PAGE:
Report on Lonquimay (Chile) — June 1989
Scientific Event Alert Network Bulletin, vol. 14, no. 6 (June 1989)
Managing Editor: Lindsay McClelland.
Lonquimay (Chile) Strong fluorine emission; one person and many animals killed
Please cite this report as:
Global Volcanism Program, 1989. Report on Lonquimay (Chile). In: McClelland, L. (ed.), Scientific Event Alert Network Bulletin, 14:6. Smithsonian Institution. https://doi.org/10.5479/si.GVP.SEAN198906-357100.
38.379°S, 71.586°W; summit elev. 2832 m
All times are local (unless otherwise noted)
The eruption was continuing as of late June. Explosive activity remained relatively weak (VEI 1) through much of May, with occasional more violent pulses (VEI 2) as on 1-3 and 16-25 May. Hugo Moreno flew over the area on 30 May. Strong WNW winds carried the plume directly over Lonquimay village (~20 km ESE of Navidad Crater; figure 12). The lava flow continued to advance very slowly at the front in the Lolco River valley (~9.5 km from the crater) and more vigorously at the Laguna Verde front (~4 km from the crater). Lava volume was estimated at 160 x 106 m3.
|Figure 12. Approximate ashfall thicknesses in the Lonquimay area, as of mid-May 1989, courtesy of O. González-Ferrán. The lava flow is shown in black.|
As of mid-June, hundreds of cattle and horses had died of osteofluorosis caused by 300-400 ppm fluorine on grass in an 80,000 hectare (800 km2) area. Some dogs have also recently died after suffering from nervous, renal, digestive, and breathing problems. Concentration of very fine ash has at times been at levels 10 times those considered safe for breathing. Mid-June medical checks of 260 people revealed neurological damage with associated reflex loss in 45 adults and children.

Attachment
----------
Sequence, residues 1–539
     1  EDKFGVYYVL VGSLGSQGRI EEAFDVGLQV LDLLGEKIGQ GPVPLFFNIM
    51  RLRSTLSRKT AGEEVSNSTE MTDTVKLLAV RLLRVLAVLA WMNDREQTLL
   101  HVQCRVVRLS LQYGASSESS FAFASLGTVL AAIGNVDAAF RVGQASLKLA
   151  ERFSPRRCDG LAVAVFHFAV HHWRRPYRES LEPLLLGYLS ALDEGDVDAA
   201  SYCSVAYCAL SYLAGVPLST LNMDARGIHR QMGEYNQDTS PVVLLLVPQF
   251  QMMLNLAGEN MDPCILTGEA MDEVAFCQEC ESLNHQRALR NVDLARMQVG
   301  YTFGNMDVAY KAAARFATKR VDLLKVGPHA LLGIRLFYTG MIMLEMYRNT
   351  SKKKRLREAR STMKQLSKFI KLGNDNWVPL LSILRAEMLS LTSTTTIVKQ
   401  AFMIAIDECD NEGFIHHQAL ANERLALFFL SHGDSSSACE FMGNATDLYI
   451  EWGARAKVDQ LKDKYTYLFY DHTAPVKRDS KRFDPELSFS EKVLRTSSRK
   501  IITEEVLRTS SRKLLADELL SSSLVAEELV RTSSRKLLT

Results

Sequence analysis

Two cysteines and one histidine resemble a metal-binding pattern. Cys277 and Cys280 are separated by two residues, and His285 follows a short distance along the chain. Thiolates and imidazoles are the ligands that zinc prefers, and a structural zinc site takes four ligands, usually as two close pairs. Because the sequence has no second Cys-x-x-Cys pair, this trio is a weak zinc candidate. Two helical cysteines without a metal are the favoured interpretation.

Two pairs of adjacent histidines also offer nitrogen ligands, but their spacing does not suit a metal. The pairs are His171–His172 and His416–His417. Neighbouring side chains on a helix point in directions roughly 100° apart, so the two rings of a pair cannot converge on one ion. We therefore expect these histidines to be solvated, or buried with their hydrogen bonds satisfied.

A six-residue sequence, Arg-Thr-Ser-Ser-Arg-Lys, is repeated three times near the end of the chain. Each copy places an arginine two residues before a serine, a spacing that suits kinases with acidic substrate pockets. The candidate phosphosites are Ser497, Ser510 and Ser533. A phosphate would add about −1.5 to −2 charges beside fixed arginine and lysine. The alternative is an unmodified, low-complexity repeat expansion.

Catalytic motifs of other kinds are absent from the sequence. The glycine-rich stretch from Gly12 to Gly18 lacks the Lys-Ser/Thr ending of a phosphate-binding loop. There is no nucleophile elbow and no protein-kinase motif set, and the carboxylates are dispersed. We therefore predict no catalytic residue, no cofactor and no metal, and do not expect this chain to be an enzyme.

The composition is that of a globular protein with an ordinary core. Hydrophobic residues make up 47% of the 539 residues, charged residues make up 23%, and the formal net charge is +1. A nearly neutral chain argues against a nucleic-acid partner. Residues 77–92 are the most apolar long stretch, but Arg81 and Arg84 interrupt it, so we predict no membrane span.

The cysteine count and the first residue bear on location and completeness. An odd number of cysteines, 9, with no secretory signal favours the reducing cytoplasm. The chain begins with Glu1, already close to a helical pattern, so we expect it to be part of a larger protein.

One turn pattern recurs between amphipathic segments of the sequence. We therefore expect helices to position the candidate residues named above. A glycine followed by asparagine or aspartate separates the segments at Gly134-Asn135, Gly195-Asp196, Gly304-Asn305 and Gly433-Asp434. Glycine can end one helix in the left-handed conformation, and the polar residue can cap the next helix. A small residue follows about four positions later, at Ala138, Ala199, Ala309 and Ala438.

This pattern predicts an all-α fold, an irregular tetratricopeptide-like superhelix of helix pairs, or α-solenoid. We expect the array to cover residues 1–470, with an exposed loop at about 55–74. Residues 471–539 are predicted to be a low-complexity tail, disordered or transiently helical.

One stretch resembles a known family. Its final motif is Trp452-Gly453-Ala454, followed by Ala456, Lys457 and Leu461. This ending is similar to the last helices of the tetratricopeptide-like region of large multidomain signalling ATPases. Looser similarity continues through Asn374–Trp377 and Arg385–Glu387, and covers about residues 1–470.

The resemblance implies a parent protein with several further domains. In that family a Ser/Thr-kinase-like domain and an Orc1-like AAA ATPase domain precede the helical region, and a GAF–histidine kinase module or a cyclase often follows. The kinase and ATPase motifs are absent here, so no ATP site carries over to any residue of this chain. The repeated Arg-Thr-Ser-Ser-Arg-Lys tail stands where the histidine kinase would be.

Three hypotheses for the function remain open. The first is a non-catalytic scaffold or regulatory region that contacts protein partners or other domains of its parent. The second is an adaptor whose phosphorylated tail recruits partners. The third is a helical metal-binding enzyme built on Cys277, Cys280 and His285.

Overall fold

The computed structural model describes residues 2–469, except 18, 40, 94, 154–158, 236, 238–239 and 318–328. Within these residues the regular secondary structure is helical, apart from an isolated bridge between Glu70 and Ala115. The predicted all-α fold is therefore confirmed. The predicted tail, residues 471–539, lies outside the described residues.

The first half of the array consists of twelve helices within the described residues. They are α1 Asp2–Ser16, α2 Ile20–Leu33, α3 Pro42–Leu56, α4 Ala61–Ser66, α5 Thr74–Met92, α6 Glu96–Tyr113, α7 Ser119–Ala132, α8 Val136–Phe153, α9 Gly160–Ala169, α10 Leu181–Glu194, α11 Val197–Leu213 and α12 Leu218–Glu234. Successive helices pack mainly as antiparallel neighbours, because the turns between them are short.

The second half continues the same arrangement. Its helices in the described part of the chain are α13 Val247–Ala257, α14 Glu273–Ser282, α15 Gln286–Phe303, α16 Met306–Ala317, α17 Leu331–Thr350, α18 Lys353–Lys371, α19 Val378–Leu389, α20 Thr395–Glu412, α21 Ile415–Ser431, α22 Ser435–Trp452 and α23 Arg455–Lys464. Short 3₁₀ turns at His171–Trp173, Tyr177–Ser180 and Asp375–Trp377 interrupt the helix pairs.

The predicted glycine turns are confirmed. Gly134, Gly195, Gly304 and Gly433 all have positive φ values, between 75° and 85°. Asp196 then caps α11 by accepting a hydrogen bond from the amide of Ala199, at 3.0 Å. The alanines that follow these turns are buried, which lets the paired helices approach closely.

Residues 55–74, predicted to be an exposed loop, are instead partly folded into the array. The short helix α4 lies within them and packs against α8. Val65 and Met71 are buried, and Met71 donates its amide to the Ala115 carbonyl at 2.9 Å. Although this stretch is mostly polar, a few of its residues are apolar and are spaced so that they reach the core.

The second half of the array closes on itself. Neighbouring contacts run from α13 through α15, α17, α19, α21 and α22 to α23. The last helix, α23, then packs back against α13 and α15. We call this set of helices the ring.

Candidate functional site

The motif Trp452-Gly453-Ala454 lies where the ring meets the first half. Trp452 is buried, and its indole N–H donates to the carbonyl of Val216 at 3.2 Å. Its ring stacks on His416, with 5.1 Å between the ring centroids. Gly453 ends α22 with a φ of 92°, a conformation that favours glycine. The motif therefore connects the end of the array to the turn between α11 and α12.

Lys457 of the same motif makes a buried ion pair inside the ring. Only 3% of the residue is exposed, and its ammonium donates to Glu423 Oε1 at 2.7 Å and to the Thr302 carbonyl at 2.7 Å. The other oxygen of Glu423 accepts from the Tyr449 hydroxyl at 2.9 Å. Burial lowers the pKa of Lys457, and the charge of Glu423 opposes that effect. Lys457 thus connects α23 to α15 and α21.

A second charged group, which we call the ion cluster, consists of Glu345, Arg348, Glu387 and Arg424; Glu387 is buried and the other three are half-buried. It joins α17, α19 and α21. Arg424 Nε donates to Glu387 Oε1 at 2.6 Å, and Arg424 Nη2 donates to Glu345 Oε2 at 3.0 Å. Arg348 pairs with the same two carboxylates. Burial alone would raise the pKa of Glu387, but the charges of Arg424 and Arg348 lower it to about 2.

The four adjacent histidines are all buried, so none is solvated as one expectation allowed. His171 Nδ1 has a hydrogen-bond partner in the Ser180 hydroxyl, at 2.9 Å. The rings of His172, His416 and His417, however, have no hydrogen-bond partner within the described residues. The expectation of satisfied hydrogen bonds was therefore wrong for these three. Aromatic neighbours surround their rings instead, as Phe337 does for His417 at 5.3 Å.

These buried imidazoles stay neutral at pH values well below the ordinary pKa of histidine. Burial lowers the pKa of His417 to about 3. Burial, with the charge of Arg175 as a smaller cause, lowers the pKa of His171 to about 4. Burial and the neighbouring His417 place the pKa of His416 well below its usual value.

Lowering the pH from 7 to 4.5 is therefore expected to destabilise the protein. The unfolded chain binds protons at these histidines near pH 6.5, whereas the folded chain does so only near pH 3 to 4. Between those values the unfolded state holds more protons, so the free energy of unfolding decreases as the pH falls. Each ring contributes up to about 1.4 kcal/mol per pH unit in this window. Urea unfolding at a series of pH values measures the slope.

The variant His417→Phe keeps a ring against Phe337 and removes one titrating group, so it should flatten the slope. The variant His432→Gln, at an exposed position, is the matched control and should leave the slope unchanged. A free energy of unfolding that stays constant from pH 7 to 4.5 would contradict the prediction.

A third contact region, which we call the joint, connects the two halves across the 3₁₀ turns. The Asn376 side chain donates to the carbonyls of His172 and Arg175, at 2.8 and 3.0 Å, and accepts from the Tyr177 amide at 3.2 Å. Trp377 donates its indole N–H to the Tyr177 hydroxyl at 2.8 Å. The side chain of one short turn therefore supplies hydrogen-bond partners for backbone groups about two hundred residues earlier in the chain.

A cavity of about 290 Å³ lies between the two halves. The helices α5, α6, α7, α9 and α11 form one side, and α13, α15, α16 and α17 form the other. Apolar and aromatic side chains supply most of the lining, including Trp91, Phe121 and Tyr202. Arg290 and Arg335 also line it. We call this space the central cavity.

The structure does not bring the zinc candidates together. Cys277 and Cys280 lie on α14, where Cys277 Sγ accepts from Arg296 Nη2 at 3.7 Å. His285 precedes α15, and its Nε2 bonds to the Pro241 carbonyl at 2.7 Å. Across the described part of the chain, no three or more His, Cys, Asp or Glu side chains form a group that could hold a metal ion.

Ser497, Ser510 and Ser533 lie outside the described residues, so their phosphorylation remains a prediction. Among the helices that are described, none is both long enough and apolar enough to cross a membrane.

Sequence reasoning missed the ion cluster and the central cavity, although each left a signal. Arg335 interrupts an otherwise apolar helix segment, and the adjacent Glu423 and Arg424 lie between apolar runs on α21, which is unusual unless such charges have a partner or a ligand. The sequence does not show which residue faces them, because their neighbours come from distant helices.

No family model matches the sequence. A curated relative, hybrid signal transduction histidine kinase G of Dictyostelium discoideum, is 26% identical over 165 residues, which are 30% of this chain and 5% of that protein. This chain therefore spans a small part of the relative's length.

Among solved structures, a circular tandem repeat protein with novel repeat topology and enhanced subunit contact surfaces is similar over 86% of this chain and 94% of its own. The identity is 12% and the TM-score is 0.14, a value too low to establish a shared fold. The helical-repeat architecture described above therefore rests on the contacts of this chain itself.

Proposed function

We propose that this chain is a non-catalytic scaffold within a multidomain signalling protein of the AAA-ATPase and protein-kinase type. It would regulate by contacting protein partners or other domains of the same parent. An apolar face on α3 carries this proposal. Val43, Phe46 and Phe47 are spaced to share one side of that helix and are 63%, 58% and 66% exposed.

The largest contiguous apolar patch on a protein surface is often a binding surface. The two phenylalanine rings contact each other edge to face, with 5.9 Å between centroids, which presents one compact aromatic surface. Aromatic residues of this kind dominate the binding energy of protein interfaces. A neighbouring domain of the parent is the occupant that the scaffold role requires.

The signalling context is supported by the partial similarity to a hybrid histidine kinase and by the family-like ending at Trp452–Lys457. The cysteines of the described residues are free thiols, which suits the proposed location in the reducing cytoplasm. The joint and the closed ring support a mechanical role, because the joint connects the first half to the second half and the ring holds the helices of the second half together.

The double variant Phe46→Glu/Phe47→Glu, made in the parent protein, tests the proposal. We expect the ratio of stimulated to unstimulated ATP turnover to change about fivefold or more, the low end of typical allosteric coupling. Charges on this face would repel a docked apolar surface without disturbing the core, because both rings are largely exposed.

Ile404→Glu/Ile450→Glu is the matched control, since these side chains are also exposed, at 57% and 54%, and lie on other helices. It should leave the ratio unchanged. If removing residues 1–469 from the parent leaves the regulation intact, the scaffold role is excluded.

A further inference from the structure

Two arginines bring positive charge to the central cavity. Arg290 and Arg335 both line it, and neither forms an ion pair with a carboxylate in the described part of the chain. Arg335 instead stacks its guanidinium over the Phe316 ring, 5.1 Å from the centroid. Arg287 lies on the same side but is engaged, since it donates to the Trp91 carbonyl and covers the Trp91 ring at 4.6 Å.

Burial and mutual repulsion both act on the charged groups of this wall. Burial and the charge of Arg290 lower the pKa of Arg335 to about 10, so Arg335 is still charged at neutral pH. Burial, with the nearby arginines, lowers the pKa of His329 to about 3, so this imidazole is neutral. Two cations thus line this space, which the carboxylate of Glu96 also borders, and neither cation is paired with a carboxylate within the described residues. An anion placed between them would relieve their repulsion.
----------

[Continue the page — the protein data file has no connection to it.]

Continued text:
A report (quoted in the 24 June El Mercurio) from Maximino Beltrán, Regional Secretary of Health, to the national Subsecretary of Health, detailed numerous neurological and blood chemistry abnormalities discovered in varying proportions of area residents. An autopsy on a 64-year-old woodcutter, exposed to ashfall for more than 8 hours daily, revealed evidence of acute hemorrhagic colitis and massive bilateral lung hemorrhaging, plus central nervous system lesions. Similar lesions (plus lung, liver, and heart problems) were seen in seven dogs (one sick and six outwardly healthy) studied in the eruption area. The report recommended prompt evacuation of the most affected people, the 800 inhabitants of the Bernardo Nanco area, and the evacuation or relocation of ~3,800 persons judged moderately affected, in the town of Lonquimay. Evacuations had apparently begun by early July.
Geologic Background. Lonquimay is a small, flat-topped, symmetrical stratovolcano of late-Pleistocene to dominantly Holocene age immediately SE of Tolguaca volcano. A glacier fills its summit crater and flows down the S flank. It is dominantly andesitic, but basalt and dacite are also found. The prominent NE-SW Cordón Fissural Oriental fissure zone cuts across the entire volcano. A series of NE-flank vents and scoria cones were built along an E-W fissure, some of which have been the source of voluminous lava flows, including those during 1887-90 and 1988-90, that extended out to 10 km.
Information Contacts: H. Moreno, Univ de Chile; O. González-Ferrán, Univ de Chile; Pedro Riffo, Univ de la Frontera; El Mercurio, Santiago.